But here's the thing... Have ISPs throttled speeds or blocked sites/programs in the past? Yes, but it was a temporary effect. The ISPs got in trouble, and soon enough, things went back to normal. Nothing they did was permanent. Did they charge us tons of extra fees? Yes, but also no. While ISPs didn't charge us a bunch of extra fees just to use the internet, we basically had to pay for our internet in general just like everything else in life. Use more water, pay more money. Use more electricity, pay more money. Use more gas, pay more money. Use more internet, pay more money. Weird thing is ever since the 2015 Title II NN protections were put in place, our internet bills have increased, not decreased. Apart from that, whether NN was around or not, through my personal experience, along with my parents', we've never had a problem with our internet, and neither have our friends or family members. Now for the big one. Have we ever had to pay for a bunch of random packages just so we could access normal websites like Google, YouTube, Facebook, Twitter, etc., and then pay even more money just to get fast lanes? Absolutely not. We've always been able to access any website any time. As for the so called "fast lanes," that depends on the provider you're paying for. If your internet speeds are always slow every day of every year, try getting a different internet provider that gives you faster speeds, even if it costs just a little bit more (but sometimes it could cost less). Now going back to the earlier incidents mentioned, these happened rarely compared to how long the internet has existed. Sure, they happened, but they didn't happen often, and the effects were always temporary. So my point is, if ISPs didn't cause permanent damage to the internet by continuously charging us extra fees, blocking our favorite websites and programs, throttling our internet speeds, and if ISPs never had us buy random packages and fast lanes, why would they do that now? The internet was fine before 2015 Net Neutrality was put in place, and it will be fine now. And if anything does happen, just remember it's only temporary and will go back to normal really soon.
In all honesty, ISP controlled internet is a lot safer and a lot less scarier than Government controlled internet. Yes, Net Neutrality is Government controlled internet. While ISPs can't do all those terrible, horrible, downright atrocious acts, the Government can do the same thing, but because it's one of the highest powers in the entire country, they won't get in trouble for it, and nothing would be set back to normal. Not saying it actually has happened, but there's a possibility it can happen. Really Government controlled anything isn't really the best idea. Sure, there's a few Government controlled things that are fine, but they shouldn't be involved in every single thing in the country. Having ISP controlled internet is as free as internet freedom can get.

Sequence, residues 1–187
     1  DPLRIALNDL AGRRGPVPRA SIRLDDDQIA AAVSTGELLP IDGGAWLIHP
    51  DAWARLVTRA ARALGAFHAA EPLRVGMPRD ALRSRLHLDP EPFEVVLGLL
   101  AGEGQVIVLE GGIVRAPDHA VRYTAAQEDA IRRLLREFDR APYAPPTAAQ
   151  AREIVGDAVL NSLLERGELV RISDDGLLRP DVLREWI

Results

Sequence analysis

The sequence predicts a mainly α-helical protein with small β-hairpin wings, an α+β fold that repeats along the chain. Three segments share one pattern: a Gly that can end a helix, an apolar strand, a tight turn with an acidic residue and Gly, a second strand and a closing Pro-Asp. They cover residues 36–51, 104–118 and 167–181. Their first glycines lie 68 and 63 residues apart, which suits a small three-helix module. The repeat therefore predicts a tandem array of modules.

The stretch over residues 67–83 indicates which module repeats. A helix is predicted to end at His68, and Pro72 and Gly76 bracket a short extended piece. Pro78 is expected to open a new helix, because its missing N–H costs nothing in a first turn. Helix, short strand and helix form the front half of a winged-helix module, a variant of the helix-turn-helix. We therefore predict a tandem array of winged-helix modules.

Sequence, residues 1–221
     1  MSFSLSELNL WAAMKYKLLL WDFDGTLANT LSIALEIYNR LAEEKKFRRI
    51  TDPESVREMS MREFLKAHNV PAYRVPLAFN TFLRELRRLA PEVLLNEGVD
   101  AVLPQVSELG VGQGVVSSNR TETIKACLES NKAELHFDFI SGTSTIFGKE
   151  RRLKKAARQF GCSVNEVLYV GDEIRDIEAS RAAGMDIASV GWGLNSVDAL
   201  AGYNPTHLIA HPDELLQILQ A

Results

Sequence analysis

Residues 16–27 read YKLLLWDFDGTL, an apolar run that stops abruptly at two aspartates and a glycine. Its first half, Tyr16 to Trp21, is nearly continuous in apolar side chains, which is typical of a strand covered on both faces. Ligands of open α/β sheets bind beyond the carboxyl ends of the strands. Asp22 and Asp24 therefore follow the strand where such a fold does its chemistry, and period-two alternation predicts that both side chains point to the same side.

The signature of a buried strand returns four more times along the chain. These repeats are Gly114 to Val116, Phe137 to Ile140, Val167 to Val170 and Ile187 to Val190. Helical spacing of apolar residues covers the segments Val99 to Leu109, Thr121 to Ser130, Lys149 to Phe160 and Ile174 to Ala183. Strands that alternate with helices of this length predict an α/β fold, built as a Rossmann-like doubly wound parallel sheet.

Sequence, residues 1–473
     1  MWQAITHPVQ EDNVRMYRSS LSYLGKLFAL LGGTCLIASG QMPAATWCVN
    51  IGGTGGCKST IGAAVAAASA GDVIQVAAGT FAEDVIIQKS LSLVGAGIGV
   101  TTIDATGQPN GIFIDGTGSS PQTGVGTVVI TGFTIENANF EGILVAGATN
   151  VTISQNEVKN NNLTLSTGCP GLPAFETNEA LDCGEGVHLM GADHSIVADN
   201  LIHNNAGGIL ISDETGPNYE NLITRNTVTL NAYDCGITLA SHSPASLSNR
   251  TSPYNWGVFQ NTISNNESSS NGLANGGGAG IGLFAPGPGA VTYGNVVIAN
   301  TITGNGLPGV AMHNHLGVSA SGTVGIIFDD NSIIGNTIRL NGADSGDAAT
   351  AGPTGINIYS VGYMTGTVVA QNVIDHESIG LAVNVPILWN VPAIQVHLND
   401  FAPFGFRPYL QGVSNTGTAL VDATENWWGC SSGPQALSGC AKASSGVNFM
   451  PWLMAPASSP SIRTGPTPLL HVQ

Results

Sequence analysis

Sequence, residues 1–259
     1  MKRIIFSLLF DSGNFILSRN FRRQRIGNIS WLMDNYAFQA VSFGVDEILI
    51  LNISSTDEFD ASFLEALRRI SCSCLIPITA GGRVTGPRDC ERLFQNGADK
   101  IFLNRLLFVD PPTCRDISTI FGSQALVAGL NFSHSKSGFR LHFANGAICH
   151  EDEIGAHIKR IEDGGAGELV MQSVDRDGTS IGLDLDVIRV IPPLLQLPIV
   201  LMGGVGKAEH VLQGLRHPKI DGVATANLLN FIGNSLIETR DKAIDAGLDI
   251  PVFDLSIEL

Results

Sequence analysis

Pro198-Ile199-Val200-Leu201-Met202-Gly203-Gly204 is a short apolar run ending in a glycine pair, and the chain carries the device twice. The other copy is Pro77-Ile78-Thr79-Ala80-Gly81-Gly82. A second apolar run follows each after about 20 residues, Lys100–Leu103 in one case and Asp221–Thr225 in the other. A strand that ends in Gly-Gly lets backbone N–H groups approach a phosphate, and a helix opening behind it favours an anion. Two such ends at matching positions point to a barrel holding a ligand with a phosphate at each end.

Anyways, sorry if I got all political there. There's just been some stuff on my mind I felt like I had to get out. NN is kinda boring and annoying tbh, both as a topic and a thing that actually exists.
Yeah, I hear you... it's particularly frustrating because I can't even browse these forums without someone shoving their massive propaganda banner in my face. If my comment came off as caustic, that's part of the reason why.
Because platforms don't want to risk the possibility of criminal charges by any overly aggressive district attorney, and are pressured to shut down services that could be abused entirely. Craigslist took down personals very quickly, and several subreddits were shut down. It's bad precedent, now we have to watch for other laws that put liability on platform owners for other things. There has to be some other way to go about dealing with this.
Craigslist and Reddit should take those down because they promote prostitution. The bill prohibits sites from knowingly assisting, supporting, or facilitating in sex trafficking done by force, fraud, or coercion. A state attorney general should be able to bring up civil action against these people for breaking federal law. Prosecutors would have to prove knowledge and negligence for any action to be taken against sites. That's not unreasonable at all.